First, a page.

So into the planter went basil, dill, thyme, and parsley. I still have oregano, chives, thyme, fennel and a few others in the garden--the perennials. Rosemary and sage are in big planters on the deck that I can move indoors in winter to keep them alive. Our winters, with their extremes of temperature, are not kind to these tender perennials, and even thyme has a struggle to survive them.
As I planted I realized that I know little about these plants. Well, I know that most of them come from Mediterranean clime. And I know how to dry or otherwise preserve them and how to cook with them. But I don't know a great deal about their history, or the folklore attached to them. So I've been doing a bit of reading up, and here's some of what I have learned.
|A basket of herbs, ready to dry, from a blog post in 2008|
Parsley: While basil must be cussed at to properly germinate, parsley, according to the ancients, has to travel nine times to the Devil before it sprouts--one explanation for why it is so difficult to get the seeds to come up. The seeds that don't germinate are the ones the Devil keeps! Whoa. I learned to plant in June, and cover the seedbed with newspaper kept moist to encourage good germination. There are some not-so-great associations made with parsley: "Welsh parsley" was slang for the gallows rope, and parsley was associated with other bad luck in many places. In several cultures it was connected with death, and used to scatter over a grave at a burial and to make funeral wreaths. However, the Romans fed parsley to their horses to keep them healthy, and its roots were considered an aphrodisiac. As we now know, parsley is full of vitamins and minerals and considered a healthy as well as attractive addition to foods.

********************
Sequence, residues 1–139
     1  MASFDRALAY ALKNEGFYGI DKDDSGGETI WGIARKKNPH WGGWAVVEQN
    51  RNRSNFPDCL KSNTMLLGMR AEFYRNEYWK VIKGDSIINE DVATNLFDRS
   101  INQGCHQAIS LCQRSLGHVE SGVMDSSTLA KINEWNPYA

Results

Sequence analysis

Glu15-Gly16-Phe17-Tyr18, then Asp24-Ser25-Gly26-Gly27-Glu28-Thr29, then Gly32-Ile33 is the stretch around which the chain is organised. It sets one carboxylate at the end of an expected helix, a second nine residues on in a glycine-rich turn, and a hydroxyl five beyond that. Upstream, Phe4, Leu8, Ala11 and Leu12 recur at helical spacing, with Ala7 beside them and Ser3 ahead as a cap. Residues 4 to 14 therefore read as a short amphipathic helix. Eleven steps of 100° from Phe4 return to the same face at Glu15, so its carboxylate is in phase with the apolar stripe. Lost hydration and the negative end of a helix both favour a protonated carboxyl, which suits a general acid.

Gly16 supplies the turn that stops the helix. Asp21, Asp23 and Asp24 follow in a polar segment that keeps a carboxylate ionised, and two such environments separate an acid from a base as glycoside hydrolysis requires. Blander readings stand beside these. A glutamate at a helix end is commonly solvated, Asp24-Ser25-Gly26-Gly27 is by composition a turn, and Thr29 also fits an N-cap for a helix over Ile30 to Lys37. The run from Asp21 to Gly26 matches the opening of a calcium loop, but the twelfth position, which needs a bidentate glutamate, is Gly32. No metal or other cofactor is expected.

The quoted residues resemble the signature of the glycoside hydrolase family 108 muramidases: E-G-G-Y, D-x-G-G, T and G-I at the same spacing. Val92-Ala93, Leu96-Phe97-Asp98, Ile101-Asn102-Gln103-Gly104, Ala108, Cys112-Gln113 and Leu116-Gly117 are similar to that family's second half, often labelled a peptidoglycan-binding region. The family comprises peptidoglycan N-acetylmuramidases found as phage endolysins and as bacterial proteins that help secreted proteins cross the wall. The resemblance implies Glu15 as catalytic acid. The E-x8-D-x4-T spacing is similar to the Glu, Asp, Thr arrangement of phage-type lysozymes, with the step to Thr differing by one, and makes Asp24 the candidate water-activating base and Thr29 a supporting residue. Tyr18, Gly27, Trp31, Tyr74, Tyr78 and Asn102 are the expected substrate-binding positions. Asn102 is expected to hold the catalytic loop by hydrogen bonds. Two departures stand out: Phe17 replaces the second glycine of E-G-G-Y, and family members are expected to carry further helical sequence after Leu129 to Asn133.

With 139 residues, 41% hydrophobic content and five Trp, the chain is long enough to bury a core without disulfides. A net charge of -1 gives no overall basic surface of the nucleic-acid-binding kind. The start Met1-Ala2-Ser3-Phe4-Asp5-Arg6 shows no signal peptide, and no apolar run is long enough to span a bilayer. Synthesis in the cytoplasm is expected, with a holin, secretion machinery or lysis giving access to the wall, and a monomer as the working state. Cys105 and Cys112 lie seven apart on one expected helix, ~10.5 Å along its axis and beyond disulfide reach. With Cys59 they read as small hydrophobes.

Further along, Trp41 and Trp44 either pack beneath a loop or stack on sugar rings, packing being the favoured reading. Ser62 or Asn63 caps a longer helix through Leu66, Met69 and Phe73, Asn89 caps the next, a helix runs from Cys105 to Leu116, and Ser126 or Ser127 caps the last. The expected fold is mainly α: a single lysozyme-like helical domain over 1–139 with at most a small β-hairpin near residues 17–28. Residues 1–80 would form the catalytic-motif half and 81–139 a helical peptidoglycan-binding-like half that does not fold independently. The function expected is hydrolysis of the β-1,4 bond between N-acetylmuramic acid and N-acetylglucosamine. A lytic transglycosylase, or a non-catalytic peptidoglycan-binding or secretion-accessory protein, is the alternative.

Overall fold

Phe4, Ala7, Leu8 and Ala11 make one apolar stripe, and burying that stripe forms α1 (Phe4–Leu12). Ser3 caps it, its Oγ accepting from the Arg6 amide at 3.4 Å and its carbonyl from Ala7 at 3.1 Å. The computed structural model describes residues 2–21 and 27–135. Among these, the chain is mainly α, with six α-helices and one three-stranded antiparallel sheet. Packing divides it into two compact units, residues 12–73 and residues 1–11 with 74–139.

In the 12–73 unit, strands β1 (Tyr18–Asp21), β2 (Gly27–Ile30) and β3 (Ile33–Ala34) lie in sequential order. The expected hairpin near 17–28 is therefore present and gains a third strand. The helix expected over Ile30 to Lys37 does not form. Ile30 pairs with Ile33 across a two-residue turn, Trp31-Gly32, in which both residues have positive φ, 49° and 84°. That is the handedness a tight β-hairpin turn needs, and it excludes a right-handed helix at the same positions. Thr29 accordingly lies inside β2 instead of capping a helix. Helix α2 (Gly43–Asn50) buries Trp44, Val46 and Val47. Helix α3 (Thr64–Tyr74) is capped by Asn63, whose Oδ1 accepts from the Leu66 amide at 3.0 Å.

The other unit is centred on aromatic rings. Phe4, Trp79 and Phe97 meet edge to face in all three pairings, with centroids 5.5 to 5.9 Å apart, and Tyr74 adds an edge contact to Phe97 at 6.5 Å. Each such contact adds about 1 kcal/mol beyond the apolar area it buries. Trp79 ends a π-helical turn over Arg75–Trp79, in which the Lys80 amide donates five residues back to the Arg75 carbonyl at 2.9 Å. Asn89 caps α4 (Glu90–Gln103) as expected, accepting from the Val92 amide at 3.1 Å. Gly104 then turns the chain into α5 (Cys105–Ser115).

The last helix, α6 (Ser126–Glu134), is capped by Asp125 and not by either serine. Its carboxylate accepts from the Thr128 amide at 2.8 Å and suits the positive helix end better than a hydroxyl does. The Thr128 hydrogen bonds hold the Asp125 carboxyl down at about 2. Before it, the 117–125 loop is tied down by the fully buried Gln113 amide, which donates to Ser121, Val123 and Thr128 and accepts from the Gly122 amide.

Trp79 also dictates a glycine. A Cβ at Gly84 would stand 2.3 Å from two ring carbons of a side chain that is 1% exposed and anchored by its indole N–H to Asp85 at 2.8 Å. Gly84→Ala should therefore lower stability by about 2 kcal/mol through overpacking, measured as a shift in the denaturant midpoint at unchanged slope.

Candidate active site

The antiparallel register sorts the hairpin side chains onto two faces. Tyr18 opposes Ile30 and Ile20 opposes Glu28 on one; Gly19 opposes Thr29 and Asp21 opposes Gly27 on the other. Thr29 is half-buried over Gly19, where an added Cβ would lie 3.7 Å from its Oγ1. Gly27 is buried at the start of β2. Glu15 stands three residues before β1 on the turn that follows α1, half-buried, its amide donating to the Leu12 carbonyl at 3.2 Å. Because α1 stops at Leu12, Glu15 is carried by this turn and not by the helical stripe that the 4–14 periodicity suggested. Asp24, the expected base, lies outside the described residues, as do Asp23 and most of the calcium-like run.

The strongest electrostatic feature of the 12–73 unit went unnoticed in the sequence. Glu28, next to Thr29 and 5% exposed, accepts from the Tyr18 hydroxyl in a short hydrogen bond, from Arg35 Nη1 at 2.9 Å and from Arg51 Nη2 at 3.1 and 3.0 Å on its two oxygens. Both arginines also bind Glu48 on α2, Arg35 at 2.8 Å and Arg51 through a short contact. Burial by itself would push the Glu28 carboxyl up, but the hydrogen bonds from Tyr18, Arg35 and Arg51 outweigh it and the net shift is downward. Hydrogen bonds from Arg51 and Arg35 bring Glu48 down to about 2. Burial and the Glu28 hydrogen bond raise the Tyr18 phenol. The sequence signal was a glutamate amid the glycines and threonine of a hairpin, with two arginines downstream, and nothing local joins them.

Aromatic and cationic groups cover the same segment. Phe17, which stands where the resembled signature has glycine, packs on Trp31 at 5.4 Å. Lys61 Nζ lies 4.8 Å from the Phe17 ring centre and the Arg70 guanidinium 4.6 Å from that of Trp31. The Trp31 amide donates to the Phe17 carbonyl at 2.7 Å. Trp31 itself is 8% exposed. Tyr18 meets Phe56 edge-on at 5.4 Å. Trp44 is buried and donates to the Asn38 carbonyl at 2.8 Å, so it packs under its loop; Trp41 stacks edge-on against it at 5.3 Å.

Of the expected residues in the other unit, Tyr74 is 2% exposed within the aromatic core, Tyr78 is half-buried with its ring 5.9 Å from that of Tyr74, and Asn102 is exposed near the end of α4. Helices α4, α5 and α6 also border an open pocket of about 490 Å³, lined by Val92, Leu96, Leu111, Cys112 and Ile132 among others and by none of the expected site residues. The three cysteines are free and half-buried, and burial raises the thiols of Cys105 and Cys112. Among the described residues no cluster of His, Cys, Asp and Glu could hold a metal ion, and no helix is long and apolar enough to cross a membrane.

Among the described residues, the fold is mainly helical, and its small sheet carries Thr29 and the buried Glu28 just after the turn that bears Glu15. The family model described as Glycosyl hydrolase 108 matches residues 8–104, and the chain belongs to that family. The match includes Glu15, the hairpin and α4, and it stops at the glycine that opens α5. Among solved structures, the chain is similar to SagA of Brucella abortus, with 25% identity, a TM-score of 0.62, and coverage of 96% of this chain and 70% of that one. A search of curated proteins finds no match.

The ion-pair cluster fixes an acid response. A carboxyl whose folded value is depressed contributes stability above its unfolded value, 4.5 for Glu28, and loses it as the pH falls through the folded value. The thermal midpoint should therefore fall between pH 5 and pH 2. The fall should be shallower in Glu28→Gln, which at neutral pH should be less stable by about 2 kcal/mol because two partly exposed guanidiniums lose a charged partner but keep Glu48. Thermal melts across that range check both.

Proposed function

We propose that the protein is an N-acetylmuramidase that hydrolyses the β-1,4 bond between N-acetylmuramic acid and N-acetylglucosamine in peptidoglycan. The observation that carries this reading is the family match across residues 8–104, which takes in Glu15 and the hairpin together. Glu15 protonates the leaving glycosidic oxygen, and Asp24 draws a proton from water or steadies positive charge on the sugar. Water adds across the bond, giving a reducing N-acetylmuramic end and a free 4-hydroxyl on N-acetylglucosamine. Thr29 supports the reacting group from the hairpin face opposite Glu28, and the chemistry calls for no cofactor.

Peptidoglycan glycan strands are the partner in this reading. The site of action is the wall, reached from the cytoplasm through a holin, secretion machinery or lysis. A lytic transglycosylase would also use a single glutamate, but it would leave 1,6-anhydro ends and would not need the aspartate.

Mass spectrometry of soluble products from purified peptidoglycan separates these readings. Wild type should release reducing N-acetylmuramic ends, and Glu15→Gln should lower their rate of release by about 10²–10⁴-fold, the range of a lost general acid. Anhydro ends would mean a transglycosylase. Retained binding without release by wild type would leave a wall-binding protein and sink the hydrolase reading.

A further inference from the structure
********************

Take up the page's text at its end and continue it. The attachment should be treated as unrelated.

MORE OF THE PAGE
This is just the tip of the iceberg where herbs and their lore are concerned. Here are a few websites to explore for more fascinating insights into the past and present of our culinary herbs:
Our Herb Garden is a compendium of myth and practical advice for the herb gardener.
Mother Earth Living provides history, folklore and growing tips.
The Sanctuary Gardener is a blog by a southern transplant that explores all kinds of gardening wisdom and homesteading, including herbs.
A booklist for further reading by Madronna Holden, Oregon State University.
Then use all those herbs you've grown to make your own bouquet garni for soups and other dishes.
Copyright Susanna Holstein. All rights reserved. No Republication or Redistribution Allowed without attribution to Susanna Holstein.